The use of face-to-face interviews allowed the researcher to collect a wide range of data especially due to its flexible nature. This is because the technique allows one to capture verbal inflexion, body language, and gestures, which are an insight of the direction the interview takes, and hint on the stand a respondent has on the issue under discussion. In this case, verbal appraisals complemented the questionnaires in situations where a respondent was less likely to respond to the latter.
The competence of data collection technique employed relied on various aspects like sampling and the mode of quality check applied. The first task was to develop a sampling design that is central to selecting a target population. The sampling plan described the approach that the research adopted in selecting its sample, provided justification for the sample size, in addition to describing how to determine it, and discussed the choice of media used in the administration of the questions. The study media in this research included face-to-face interviews, questionnaires (sent via emails and addresses), and telephone calls when necessary. As previously noted, the target population for this research is a society of busy individuals and the media chosen must abide by their schedules. The second step involved developing a measure of estimating the target population and checking the reliability of the data collected, in addition to the data collection exercise. This was a critical process in the research, which included identification of the response rate that the researcher desired along with the ideal level of precision and accuracy. These two steps were necessary when specifying the inputs that the respondents were to give. Unlike in other forms of surveys where a researcher can clarify certain questions spontaneously, it was imperative to have all the questions being self-explanatory. This increases the accuracy of responses and reduces the time taken to clarify ambiguous questions. The next subsection is a discussion of some of the key elements that the researcher considered while developing the design.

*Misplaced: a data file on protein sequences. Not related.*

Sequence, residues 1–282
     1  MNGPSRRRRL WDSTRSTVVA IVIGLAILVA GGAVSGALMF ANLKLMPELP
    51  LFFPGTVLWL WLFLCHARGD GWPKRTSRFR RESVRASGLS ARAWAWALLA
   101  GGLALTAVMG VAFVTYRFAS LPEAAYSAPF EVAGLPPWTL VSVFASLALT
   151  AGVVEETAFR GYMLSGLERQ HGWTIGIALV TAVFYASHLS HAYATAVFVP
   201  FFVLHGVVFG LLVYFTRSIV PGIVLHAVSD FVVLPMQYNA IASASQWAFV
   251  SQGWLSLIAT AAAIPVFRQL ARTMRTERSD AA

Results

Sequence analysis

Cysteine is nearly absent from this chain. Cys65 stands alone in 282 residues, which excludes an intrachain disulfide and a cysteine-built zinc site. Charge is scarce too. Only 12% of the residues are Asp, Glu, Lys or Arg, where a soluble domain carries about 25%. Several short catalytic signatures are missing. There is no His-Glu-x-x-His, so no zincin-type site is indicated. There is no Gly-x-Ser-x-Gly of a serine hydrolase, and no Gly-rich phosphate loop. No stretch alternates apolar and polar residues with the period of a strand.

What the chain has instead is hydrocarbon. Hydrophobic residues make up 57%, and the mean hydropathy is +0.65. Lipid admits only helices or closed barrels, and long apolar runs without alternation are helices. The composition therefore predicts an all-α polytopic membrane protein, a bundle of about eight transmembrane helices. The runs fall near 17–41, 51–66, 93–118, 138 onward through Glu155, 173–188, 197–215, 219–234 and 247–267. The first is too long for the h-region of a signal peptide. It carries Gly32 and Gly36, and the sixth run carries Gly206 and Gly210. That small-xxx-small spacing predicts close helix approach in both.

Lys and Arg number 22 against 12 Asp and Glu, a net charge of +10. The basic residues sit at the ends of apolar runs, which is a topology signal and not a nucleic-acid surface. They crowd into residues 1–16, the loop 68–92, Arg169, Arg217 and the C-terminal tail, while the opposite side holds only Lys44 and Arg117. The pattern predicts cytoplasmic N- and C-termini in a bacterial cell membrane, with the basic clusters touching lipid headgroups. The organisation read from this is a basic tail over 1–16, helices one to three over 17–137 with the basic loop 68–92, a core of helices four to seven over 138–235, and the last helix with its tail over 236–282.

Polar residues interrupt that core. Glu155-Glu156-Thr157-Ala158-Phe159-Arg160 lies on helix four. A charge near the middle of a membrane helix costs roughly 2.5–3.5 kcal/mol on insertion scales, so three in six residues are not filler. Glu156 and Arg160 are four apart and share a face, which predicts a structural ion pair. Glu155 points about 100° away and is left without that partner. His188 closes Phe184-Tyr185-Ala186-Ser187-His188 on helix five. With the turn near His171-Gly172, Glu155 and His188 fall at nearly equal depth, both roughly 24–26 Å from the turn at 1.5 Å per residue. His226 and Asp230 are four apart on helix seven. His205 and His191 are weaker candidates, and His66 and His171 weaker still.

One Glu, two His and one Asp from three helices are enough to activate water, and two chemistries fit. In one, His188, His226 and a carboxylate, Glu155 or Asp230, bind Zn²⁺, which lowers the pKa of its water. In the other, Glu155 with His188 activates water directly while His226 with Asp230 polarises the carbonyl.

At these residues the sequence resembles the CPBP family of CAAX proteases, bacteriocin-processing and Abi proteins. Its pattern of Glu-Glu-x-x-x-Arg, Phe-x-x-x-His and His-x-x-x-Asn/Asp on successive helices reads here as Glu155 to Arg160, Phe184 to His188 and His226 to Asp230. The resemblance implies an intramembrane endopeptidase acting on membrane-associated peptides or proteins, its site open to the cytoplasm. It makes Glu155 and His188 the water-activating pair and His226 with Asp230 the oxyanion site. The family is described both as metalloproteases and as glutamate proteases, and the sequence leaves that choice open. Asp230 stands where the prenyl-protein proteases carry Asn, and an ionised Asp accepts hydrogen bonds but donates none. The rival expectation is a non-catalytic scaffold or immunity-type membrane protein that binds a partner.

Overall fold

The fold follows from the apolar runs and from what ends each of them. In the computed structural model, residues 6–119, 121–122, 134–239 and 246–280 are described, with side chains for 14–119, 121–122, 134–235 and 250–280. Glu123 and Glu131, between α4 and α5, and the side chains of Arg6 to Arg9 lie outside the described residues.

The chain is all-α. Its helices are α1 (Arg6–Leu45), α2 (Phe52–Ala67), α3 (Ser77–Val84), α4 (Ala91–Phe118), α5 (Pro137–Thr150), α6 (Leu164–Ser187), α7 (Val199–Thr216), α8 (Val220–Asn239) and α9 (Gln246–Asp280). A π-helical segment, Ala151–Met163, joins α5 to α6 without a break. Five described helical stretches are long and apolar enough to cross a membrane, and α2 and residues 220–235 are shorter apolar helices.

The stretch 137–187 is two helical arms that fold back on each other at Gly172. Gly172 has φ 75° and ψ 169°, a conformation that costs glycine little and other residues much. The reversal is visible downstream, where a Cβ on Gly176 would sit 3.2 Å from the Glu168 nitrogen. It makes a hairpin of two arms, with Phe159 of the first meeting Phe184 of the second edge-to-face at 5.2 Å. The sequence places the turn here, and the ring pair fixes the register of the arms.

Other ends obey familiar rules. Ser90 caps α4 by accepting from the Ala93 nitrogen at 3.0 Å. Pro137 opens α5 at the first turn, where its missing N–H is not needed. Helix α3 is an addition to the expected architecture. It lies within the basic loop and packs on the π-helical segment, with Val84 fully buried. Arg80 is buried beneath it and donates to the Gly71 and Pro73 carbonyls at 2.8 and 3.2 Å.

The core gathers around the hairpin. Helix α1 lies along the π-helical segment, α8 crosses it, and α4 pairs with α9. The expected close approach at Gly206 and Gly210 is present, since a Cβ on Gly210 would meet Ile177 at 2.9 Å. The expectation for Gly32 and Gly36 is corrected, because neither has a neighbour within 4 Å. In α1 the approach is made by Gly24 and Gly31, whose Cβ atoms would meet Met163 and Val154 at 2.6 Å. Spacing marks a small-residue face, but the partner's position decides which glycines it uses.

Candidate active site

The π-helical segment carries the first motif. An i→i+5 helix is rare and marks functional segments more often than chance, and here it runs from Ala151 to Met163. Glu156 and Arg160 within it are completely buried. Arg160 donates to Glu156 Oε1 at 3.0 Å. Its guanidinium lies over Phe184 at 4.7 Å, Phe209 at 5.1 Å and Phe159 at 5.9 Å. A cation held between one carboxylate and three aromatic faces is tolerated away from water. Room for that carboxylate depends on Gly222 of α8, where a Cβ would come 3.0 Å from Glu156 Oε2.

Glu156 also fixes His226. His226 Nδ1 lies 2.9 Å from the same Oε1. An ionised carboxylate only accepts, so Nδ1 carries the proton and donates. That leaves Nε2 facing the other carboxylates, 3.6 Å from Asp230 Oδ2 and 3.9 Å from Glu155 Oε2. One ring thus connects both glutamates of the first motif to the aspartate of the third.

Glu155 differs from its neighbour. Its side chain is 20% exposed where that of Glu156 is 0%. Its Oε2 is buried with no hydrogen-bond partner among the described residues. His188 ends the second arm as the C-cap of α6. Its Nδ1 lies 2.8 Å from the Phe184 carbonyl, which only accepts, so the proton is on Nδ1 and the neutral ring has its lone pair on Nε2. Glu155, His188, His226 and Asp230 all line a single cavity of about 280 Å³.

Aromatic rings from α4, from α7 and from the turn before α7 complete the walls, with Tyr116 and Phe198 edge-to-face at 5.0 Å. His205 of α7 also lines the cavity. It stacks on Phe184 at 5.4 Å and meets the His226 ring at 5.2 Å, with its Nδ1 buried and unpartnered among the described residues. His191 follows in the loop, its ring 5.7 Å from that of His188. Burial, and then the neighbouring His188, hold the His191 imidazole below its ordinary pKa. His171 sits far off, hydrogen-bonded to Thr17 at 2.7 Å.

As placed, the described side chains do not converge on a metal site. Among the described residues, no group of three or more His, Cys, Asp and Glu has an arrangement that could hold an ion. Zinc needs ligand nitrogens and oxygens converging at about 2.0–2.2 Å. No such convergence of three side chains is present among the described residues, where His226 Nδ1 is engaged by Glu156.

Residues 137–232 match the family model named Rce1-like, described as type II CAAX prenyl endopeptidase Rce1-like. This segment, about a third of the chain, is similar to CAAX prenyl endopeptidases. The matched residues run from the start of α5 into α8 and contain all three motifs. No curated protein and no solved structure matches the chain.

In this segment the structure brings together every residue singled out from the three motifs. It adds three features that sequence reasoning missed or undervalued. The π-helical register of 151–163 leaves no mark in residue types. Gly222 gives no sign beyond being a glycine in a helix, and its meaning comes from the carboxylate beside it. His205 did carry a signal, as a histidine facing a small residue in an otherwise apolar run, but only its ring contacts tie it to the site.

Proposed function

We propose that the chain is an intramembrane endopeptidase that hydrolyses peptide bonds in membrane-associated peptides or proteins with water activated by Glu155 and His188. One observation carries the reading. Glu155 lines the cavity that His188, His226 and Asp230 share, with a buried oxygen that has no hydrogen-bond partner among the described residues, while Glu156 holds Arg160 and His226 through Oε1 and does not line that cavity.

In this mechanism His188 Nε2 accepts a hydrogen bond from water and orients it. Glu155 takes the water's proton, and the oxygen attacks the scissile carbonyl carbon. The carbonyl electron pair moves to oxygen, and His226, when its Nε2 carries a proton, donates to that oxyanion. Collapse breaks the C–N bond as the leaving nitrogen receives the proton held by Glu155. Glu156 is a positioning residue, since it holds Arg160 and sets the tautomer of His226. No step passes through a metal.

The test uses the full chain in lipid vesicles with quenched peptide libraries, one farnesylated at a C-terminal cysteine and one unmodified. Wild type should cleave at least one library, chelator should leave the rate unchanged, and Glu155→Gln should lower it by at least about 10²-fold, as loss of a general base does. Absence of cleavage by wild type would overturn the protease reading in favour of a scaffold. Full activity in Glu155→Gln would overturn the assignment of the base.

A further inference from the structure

To collect the data, the researcher had to conduct interviews with the representatives of each company or issue them with the questionnaires that they answered over the allocated duration. The interviewers staged on a one-to-one type of interview, and it occurred in offices, hotel rooms, and sometimes over the telephone. Telephone interviews had a limit of 45 minutes while others could last longer depending on the type of responses given by the interviewees. In several instances, the respondents were the managers and senior administrators in the organization. This made it possible to explore their past in an academic and career aspect in an in-depth manner. Despite some respondents being representatives of certain organizations, they were able to answer most of questions to the satisfaction of the researcher. Semi-structured questions were difficult for a number of respondents due to specificity of information sought (Carl 2006). In this respect, the contribution of top executives was necessary to gather sufficient data. During the study, the interviewer would issue a question thereby engage the answerer in a conversation. It was important to record the conversation for future reviews. The researcher had the role of directing the discussion by refocusing each conversation towards the desired answers. This way, it was possible to uncover contextual data relevant to the epitome of the research.
Self-reporting questionnaires had a highly structured format that made it possible for the respondents to answer them without the interference of the interviewer. On that note, the researcher did not have to request direct contact with the respondents. As well, the questionnaires had both open-ended and close-ended questions hence leaving room for self evaluation. In order to evaluate the feedback, the researcher used the Likert scale where the respondents choose their degree of conformity to an answer. Below is an extensive discussion by the researcher on how he or she implemented the self-reporting questionnaires.
Sample selection is the product of the population size, available sample media, homogeneity of data, cost associated with the research, and the level of accuracy desired (Koul 2009). Qualitative researches require information that is less prone to researcher bias as it would lead to faulty results and discussion (La Pira 2010). It was important to minimize potential bias arising from variation in firm size and location by confining the research sample frame to a certain economic sector within a limited geographic location (Fadhil & Fadhil 2011). Research shows that certain business thrive in certain regions depending on their factors of production. To reduce the probability of these factors affecting the outcome of the research, the researcher chose the respondents randomly from a list of some of the successful SMEs in Canada. Many of the SMEs that fail lack an element of organization and sound decision-making (Cavico & Mujtaba 2009). In order to explain this, it was important to examine 20 SME businesses that are successful in Canada and have been under the leadership of certified managers or seniors executives. This framework made it possible to look into the various factors that differentiate organizations led by skilled personnel in comparison to others that use impartial judgment in place of proper management.
Sample Size Selection